We are justified in according ...(Picture Talks)... a place in our school programme, by our definition of education as "the science of relations." In these lessons we aim at putting the children in touch with the great artist minds of all ages. We try to unlock for their delectation the wonderful garden of Art, in which grow most lovely flowers, most wholesome fruits. We want to open their eyes and minds to appreciate the masterpieces of pictorial art, to lead them from mere fondness for a pretty picture which pleases the senses up to honest love and discriminating admiration for what is truly beautiful - a love and admiration which are the response of heart and intellect to the appeal addressed to them through the senses by all great works of art.We happened to find ourselves outside the wonderful Bendigo Art Gallery today.
...Let us then ask, What is the fundamental idea of our scheme of Picture Talks? It is, I take it, our conception of Art itself; not as the luxury of the rich, the plaything of the idle, the fetish of the would-be "cultured," but as a means of expressing man's noblest dreams, deepest thoughts and tenderest fancies. This conception has been variously expressed in various definitions.
Thus: - "Art is the incarnation of a soul of truth in a body of beauty." "....the beautiful expression of thought tinged by emotion." "....the second revelation of infinity....across the mind of man." "...a second creation: man's will calling a thought into material existence, and his judgment pronouncing it to be very good."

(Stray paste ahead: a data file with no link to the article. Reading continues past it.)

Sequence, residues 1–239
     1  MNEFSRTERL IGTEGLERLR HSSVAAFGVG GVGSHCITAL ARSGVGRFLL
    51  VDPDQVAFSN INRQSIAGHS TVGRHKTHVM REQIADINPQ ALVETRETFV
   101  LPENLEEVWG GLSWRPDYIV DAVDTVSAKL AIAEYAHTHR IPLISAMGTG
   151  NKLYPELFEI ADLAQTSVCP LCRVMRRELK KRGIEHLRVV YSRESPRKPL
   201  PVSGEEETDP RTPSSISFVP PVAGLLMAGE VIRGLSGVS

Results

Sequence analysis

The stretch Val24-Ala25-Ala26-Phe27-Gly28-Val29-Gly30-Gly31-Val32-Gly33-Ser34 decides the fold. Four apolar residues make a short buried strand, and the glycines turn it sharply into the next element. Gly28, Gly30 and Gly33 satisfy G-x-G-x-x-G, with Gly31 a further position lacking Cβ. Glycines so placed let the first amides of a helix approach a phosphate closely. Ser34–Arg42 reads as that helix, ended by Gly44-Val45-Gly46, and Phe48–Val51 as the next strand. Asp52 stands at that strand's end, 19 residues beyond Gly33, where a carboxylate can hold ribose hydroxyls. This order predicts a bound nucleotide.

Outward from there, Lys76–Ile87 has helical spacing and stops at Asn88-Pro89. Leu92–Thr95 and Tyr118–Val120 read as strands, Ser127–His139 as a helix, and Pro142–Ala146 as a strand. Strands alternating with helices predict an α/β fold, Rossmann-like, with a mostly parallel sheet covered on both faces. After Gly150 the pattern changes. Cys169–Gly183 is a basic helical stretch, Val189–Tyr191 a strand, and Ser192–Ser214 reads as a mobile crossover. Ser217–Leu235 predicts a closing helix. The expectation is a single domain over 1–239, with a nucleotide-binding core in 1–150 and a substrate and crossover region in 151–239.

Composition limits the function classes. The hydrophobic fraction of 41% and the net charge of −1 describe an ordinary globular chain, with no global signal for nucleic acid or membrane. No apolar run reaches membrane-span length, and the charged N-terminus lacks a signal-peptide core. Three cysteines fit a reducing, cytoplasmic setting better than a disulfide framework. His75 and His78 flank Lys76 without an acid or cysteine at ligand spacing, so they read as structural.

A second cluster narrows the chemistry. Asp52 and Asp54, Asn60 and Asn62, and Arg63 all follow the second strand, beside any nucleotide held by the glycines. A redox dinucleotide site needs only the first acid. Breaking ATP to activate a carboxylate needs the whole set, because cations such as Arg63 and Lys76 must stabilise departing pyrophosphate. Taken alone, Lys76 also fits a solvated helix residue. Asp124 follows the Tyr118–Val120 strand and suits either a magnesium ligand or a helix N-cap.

Some of us well remember the joy that filled us when - ... perhaps by a few illuminating words spoken before a picture that we liked vaguely, but with no notion of its deep meaning - we felt, as it were, a new sense given to us, a magic book unsealed, a wonder world discovered. Shall we not hasten to share this joy with the children entrusted to us? And does not our knowledge of the life and potency of ideas teach us how to impart the secret spell, the "Open Sesame" which each individual soul must pronounce before it is permitted to taste this joy?
Miss K. R. Hammond PRArticle Volume 12, No. 7, July 1901, pp 501-509
Well, actually, to be entirely honest, we were at the Gallery Cafe, if you really want to know. Jemimah and I were eating gourmet pizzas; Daddy was polishing off the risotto. It was delish - as always.
When you are that close to an Art Gallery, I'm afraid you can't just walk away. The pull is just too great. There is a magic book inside those walls; a wonder world to discover. I feel a need to share the joy. We went in. Just for a minute.
Children love Art Galleries. True. What you need to do though is to bring the magic to life - to unlock the pages of the picture book - to impart the secret spell. Galleries are not stuffy and boring. They are full of magic. Childhood magic.